Family of KFC’s Colonel Sanders defends him amid Papa John’s racial slur scandal

The family of KFC’s Colonel Harland Sanders has come to his defense after Papa John’s founder John Schnatter suggested the colonel had used the N-word but hadn’t faced criticism for doing so.

Sanders’ grandson, Trigg Adams, told the Louisville, Kentucky, Courier Journal on Wednesday that it is “an absolute lie” that Sanders used the racial slur or any other racially offensive words.

“He’s a weasel,” Adams said of Schnatter, according to the report. “Because he's prejudiced, he’s trying to say somebody else was, too. (Sanders) had absolutely no prejudice against anybody.”

Sanders, who died in 1980, donated more than $20 million to charities, including to black churches, which he sometimes attended, Adams added.

Schnatter resigned as chairman of Papa John's last week after admitting to using the racial slur during a conference call, and apologizing for it.

Schnatter was on a call with marketing agency Laundry Service in May when he tried to downplay comments he made about the National Football League and allegedly said, “Colonel Sanders called blacks n-----s," and complained that the KFC founder never faced public backlash.

The call was a role-playing exercise for Schnatter to prevent future public relations fumbles and came to light as Forbes magazine was conducting a larger investigation of the culture at Papa John's, which was published Thursday.

"Based on interviews with 37 current and former Papa John’s employees—including numerous executives and board members—Schnatter’s alleged behavior ranges from spying on his workers to sexually inappropriate conduct, which has resulted in at least two confidential settlements," Forbes wrote.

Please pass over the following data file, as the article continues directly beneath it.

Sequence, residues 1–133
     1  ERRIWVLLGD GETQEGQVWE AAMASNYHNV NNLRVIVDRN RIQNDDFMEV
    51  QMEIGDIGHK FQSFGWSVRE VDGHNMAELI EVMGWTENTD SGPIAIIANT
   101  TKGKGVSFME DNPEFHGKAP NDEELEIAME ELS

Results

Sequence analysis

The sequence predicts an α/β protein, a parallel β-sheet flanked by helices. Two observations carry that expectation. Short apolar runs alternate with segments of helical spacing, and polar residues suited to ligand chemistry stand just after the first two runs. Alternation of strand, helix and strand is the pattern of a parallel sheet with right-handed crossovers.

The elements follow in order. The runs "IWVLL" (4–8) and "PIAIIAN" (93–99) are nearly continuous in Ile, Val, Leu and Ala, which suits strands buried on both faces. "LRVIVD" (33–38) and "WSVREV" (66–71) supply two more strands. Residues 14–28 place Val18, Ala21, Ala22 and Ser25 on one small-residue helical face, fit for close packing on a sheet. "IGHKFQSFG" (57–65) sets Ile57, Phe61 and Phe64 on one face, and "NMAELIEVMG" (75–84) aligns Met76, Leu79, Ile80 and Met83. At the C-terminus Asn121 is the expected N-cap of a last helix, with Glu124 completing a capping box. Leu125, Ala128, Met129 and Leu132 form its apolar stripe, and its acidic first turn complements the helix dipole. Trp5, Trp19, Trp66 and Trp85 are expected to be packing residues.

Schnatter's attorney said the Forbes story "contains numerous inaccuracies and misrepresentations." Papa John's said it has hired an outside firm to oversee an audit and investigation of the culture at the company and to make recommendations for whatever changes may be necessary.

Last Friday, Schnatter told Louisville radio station WHAS that he was “just talking the way that the colonel talked.”

In a statement, Sanders' great-granddaughter Cindy Wurster Sjorgen, said that Sanders "was known to throw around a few cuss words but never a racial slur. For Mr. Schnatter to use the colonel as a scapegoat for his own horrible, disgusting mouth and racist beliefs is inexcusable."

Since May 2015, KFC has shifted its advertising focus to the colonel as a symbol of the company with a series of quirky advertisements featuring a rotating cast of celebrity Colonel Sanders including, Ray Liotta, Reba McEntire and George Hamilton.

Both Papa John’s and KFC owner Yum Brands are headquartered in Louisville.

Fast-food chain Wendy’s had preliminary merger talks with Papa John’s before Schnatter stepped down, a source familiar with the situation told CNBC. The deal talks highlight the opportunity potential acquirers see in improving Papa John's technology and scaling up in a still fragmented pizza chain industry. Still, the public relations fall out that followed Schnatter's resignation is likely to complicate any potential deal.

Since his resignation, Papa John's has worked to distance itself from Schnatter, prohibiting him from talking to the press, removing him from the pizza chain's advertising materials and revoking his office space at the company's headquarters.

The company has more than 5,000 locations and around 23,000 employees worldwide.

— CNBC's Lauren Hirsch contributed to this report.

Watch: Papa John's reportedly held merger talks with Wendy's